`return (x & ((~0 << (p + 1)) | (~(~0 << (p + 1 - n))))) | ((y & ~(~0 << n)) << (p + 1 - n));`
the only vague idea that i understand of this is
return (x & ((~0 << (p + 1)) | (~(~0 << (p + 1 - n))))) // x is with the n bits starting at p position
| ((y & ~(~0 << n)) << (p + 1 - n)) /// meanwhile y is pushed more to the left making x goto right side of y

i hope that makes sense

7. Split it up some:
Code:
```// Assume  x = 10010011 (binary), p = 3 (decimal), n = 2 (decimal), y = 11001010 (binary)
// Also assume rightmost bit (LSB) is position 1.

uint8_t setbits(uint8_t x, uint8_t p, uint8_t n, uint8_t y)
{
uint8_t temp;

mask >>= 8 - n;     // n bits set in lowest position (mask = 00000011)

temp = y & mask;  // set to first n bits of y (temp = 00000010)
temp <<= p - 1;    // set to n bits of y at position p (temp = 00001000)

mask <<= p - 1;    // n bits set at position p (mask = 00001100)

x &= ~mask;         // n bits at position p cleared (x = 10010011)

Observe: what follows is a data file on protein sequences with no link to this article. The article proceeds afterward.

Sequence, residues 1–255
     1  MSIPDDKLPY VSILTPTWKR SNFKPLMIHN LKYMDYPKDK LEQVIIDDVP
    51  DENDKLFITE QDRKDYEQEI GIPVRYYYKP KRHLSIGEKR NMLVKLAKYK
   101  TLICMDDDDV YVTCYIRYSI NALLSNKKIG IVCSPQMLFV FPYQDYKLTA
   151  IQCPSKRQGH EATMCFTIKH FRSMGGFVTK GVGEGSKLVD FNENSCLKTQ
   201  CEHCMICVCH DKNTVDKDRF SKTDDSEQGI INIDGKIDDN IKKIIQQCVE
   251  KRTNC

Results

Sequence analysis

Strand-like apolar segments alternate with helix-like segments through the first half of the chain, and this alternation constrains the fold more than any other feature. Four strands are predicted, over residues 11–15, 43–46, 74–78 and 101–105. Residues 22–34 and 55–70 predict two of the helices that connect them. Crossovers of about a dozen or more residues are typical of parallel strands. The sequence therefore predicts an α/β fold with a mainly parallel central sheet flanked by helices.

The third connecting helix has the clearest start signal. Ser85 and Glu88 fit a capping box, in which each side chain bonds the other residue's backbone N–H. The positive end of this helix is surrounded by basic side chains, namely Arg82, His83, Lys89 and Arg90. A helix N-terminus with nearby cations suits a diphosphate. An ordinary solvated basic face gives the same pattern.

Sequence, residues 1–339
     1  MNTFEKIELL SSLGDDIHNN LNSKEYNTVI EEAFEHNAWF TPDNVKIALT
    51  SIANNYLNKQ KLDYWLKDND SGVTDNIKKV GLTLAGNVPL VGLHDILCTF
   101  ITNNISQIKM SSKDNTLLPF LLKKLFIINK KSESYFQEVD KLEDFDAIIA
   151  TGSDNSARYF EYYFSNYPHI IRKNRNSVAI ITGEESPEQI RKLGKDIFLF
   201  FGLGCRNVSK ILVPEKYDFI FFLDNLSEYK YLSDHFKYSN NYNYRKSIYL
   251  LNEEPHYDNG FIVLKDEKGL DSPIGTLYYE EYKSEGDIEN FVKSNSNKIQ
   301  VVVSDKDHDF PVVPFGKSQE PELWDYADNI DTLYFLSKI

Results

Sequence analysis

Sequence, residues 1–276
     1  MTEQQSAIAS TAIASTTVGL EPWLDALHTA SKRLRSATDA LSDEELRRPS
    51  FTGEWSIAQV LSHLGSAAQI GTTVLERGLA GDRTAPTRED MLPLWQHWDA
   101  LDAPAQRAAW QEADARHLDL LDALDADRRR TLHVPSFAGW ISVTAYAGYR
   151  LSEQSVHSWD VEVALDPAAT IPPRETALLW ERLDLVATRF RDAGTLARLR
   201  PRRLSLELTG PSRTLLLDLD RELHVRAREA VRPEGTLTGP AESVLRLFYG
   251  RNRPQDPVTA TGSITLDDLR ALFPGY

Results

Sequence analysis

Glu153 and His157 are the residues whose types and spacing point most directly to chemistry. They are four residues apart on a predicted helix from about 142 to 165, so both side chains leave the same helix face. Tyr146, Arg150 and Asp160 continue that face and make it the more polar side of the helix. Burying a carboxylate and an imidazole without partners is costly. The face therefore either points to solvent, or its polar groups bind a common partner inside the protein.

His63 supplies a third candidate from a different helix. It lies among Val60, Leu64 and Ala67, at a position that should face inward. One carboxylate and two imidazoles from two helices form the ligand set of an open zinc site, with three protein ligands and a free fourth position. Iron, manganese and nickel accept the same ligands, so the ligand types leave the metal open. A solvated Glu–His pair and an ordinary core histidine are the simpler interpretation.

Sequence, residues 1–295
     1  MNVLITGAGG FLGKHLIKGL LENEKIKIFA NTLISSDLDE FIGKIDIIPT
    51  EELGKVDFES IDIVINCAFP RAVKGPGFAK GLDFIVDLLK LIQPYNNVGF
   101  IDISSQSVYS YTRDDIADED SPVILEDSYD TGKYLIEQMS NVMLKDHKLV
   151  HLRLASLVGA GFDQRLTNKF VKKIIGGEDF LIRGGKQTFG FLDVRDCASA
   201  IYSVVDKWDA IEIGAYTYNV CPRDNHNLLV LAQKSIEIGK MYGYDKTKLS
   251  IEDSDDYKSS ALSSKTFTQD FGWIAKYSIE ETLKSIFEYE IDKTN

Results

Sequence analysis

x |= temp;             // x set to first n bits of y at position p (x = 10011011)

return x;
}```

8. Originally Posted by itsme86
Split it up some:
Code:
```// Assume  x = 10010011 (binary), p = 3 (decimal), n = 2 (decimal), y = 11001010 (binary)
// Also assume "first bits" means least significant

uint8_t setbits(uint8_t x, uint8_t p, uint8_t n, uint8_t y)
{
uint8_t temp;

mask >>= 8 - n;     // n bits set in lowest position (mask = 00000011)

temp = y & mask;  // set to first n bits of y (temp = 00000010)
temp <<= p - 1;    // set to n bits of y at position p (temp = 00001000)

mask <<= p - 1;    // n bits set at position p (mask = 00001100)

x &= ~mask;         // n bits at position p cleared (x = 10010011)